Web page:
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Advertising works because it’s not important

September 11, 2013 0 Comments

man_w_remoteAdvertising is, of course, important from the market development point of view – but strangely enough it works largely because it’s of little importance to the consumer.

Research and experience have shown that advertising messages that do not engage the conscious mind typically have more impact than those that cause the consumer to actively consider the message. This is because engaging the conscious, rational mind encourages counter-arguments: ‘of course they would say that..’, ‘but the one I have now is much better…’, ‘that would never happen…’, and so on.

But when the message is processed by the nonconscious, it can bypass rational consideration to impact directly on brand perceptions and trigger goals. And, because it is the nonconscious rather than the conscious mind that drives consumers’ actions, we are impacting on the consumer’s mind where it matters.

Funny then, that so much time gets spent on dissecting advertising concepts from a rational perspective. Or, worse, putting consumers into a group discussion and paying them to spend an hour or more talking about an ad they would normally pay little attention to. The result is a distorted insight into largely irrelevant matters.

The task of creating truly effective advertising is much more complex than the usual insight and research process would suggest.

It is a rare skill indeed that allows a creative mind to communicate in a way that not only impacts on the nonconscious, but impacts in the way intended. Any reasonably intelligent person can put together a compelling rational argument. But to shape brand perceptions and preferences we need to create emotional engagement, send signals that are consistent with the intended message and ensure that we shape the brand memory in the consumer’s mind rather than just creating a positive memory of the ad.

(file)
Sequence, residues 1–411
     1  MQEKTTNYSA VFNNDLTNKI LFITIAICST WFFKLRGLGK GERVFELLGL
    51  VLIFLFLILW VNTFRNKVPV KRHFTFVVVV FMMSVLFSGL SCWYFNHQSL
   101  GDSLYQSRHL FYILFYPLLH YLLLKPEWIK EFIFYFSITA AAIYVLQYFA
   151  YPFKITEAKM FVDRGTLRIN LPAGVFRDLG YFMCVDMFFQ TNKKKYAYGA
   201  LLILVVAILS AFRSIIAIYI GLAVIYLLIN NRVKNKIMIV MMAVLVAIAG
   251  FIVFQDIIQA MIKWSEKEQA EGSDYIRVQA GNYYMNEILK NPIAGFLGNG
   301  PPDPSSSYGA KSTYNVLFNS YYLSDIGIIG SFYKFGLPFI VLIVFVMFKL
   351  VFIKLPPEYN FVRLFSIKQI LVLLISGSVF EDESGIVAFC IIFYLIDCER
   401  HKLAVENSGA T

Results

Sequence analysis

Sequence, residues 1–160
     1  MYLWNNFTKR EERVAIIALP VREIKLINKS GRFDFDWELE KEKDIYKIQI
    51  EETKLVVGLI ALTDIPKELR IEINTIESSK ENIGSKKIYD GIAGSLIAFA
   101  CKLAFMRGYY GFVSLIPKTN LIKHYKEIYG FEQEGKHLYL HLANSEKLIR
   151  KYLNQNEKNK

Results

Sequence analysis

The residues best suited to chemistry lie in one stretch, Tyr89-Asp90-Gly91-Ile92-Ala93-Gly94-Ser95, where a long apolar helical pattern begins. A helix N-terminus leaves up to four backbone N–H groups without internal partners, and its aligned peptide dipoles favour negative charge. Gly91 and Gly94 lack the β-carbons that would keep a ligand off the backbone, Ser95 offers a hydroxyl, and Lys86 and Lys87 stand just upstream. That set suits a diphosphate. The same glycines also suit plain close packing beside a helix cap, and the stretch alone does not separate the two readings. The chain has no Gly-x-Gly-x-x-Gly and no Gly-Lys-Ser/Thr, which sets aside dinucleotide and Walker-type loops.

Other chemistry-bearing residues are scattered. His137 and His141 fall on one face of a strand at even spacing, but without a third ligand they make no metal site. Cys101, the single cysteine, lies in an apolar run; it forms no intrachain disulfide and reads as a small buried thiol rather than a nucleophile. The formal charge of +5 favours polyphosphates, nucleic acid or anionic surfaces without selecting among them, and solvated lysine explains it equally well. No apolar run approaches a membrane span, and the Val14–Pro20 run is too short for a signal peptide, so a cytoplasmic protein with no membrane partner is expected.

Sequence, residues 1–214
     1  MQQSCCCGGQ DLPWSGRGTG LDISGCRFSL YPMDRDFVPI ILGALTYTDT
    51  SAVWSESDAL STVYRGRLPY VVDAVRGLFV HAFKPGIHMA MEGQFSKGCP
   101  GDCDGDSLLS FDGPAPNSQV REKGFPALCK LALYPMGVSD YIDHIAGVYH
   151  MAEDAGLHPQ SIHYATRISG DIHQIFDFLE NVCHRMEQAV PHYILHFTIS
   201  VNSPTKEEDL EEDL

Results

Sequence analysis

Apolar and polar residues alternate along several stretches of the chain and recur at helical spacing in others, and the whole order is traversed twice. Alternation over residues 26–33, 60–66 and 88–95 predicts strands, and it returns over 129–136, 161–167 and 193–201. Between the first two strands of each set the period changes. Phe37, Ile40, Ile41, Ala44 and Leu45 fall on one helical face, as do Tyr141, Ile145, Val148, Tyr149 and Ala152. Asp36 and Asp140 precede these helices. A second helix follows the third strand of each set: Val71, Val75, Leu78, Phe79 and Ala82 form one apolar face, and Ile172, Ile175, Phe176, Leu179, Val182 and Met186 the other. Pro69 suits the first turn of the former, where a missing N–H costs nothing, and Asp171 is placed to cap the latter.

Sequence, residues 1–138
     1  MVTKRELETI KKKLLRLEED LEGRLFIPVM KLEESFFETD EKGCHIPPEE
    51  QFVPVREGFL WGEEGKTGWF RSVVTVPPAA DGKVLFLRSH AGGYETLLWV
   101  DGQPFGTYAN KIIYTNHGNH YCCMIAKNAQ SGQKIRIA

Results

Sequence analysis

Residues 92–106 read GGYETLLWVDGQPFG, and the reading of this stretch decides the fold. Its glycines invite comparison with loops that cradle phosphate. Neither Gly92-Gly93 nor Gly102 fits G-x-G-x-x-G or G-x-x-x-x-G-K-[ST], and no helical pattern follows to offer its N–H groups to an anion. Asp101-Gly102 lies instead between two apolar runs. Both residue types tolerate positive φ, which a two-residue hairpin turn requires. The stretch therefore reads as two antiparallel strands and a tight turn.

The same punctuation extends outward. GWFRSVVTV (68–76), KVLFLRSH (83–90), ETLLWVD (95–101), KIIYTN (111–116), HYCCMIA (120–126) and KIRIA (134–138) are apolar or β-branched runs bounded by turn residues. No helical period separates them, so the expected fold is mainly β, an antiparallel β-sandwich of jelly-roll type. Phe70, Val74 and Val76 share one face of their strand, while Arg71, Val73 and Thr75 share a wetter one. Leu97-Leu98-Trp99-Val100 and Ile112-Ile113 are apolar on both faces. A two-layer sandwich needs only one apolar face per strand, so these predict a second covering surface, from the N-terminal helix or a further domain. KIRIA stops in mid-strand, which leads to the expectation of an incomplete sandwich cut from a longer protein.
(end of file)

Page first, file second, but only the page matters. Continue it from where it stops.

There’s little point creating an ad, viral or engagement opportunity that consumers like, if their nonconscious mind doesn’t link it to the brand. Typical examples are videos that attract millions of downloads or ‘likes’ while the brand’s market share continues to decline.

This is why advertising will always be an art as much as a science. As we learn more about the seemingly irrational drivers of purchasing behavior we get better at understanding the emotions we need to trigger and the signals we need to send. To translate strategy into practice is a difficult undertaking that few master – but when it happens we can see advertising at its best.

To get the neuromarketing perspective on marketing, advertising, shopper marketing and marketing innovation come to one of our September Masterclasses, held in Australia and New Zealand. For more information visit

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About the Author:

Dr Peter Steidl is the founder of and an adviser to corporations and advertising agencies. The second edition of his book Neurobranding, shortlisted as the best marketing book 2013 by the European Expert Marketer Magazine, will be released at the end of March. He is also co-author of the recently published Neuromarketing for Dummies (with Stephen J Genco and Andrew P Pohlmann). He can be contacted via

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